Around half the population of the United States woke up on Wednesday morning to enormous disappointment. In a stunning upset, Donald Trump defeated Hillary Clinton in the race for president, leaving Trump supporters elated and many Clinton backers devastated.
But in my work as a coach, I've found that even the most crushing defeats can ultimately be channeled into energy for forging ahead. Regaining confidence is an uphill battle, and it takes a crowd—or at least two people, talking things out—to pull someone out of a funk. Here's how it can be done.
During my first coaching with a client called Molly, I asked what salary she’d like from a company where she was interviewing for a competitive position. Her reply sounded familiar.
"Wait a sec," I asked. "What’s your current salary?"
Molly shrugged. "It’s the same. I know—You expect me to ask for more. But after what happened, I don’t think I’m worth even that."
Molly was a senior-level copywriter. She was well-liked at her current job at a prestigious brand where her skills had helped the company succeed. Nevertheless, she’d been outmaneuvered for a promotion. Molly was so crushed that all she could do was keep plugging away at her work. But her heart wasn’t in it anymore.
Six months after the demotion (that’s how she thought of it, anyway), Molly came to me for coaching. As someone who helps creative professionals negotiate during some of the toughest times in their careers, I had no trouble recognizing her sense of defeat. An acquaintance of Molly’s asked her if she’d like to interview for a position to lead a team at his company, which was a similarly prestigious brand. "Perfect," Molly thought. "I love their brand and they do really courageous work. I’m going for it!" Problem solved, she thought.
But then the fears set in. New opportunities after a setback don’t always erase the feelings that the setback instills. That self-doubt lingers, and it can sabotage even the most promising of steps forward. Here’s what I’ve learned it takes to reignite someone’s self-confidence after hitting a low point.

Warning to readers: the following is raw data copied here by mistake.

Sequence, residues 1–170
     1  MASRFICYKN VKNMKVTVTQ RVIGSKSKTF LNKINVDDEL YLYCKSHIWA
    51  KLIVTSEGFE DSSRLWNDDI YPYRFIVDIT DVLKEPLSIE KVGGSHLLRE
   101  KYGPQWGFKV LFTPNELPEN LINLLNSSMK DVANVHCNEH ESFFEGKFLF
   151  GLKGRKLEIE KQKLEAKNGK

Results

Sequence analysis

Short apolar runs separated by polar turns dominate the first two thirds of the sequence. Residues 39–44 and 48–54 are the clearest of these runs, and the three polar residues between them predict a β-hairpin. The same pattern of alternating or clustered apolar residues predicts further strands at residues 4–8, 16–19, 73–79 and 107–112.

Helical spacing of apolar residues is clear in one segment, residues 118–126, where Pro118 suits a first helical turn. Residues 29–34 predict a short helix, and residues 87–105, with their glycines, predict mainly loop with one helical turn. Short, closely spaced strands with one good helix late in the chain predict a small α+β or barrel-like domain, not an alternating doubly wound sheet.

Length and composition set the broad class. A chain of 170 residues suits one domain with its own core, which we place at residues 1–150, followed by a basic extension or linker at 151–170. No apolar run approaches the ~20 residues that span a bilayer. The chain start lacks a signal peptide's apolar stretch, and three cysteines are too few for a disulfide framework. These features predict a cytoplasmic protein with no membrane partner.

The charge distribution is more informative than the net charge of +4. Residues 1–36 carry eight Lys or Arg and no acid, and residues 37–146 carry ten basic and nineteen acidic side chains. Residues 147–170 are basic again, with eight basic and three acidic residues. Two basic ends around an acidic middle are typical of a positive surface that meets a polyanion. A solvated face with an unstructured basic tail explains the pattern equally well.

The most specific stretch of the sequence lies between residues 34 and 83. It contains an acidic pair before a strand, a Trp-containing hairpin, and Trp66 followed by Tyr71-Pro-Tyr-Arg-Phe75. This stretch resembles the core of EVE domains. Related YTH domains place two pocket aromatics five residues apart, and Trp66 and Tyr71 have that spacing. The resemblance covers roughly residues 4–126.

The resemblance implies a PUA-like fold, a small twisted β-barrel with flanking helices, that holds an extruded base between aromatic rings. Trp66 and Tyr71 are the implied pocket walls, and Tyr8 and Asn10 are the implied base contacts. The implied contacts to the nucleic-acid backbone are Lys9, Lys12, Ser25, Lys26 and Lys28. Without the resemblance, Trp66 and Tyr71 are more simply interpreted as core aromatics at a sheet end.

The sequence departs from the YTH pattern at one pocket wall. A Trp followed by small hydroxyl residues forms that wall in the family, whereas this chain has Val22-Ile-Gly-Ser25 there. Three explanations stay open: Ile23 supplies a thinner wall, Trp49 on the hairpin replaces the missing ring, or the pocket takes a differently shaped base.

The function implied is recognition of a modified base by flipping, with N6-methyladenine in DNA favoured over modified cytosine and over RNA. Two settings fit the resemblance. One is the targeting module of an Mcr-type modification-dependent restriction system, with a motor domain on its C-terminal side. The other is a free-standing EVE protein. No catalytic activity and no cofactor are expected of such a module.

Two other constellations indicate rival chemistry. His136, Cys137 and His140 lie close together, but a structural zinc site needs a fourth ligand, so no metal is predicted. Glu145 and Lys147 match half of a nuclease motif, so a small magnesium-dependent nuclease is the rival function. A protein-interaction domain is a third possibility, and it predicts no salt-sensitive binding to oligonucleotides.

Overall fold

In my experience, self-doubt, and its cousin, anxiety, can actually compel us to make our work better. But before we can get motivated (or re-motivated), we first need to feel confident. And that’s something anybody can help do for someone who’s feeling down. To take on those coaching duties yourself, here’s what to do.
Meet them where they are. Listen before you challenge assumptions. The worries might sound silly, but they’re quite real to the worrier.
Be specific in your feedback. Empty praise will either boost someone only temporarily, or it’ll come off sounding as hollow as it is and crush your credibility. Give details and keep it real.
Use their own words to vanquish self-doubt. Getting them to simply describe their accomplishments, as well as their doubts, can help offer some perspective. Sometimes people just need a chance to become a little more self-critical, then that sense of defeat can begin to dissolve.
Pull the camera back—way, way back. Again, your job as a coach and confidence-booster is to offer the widest perspective. A radically different perspective can bring radical results. Anytime you see a way to reframe someone’s point of view, offer an alternative take.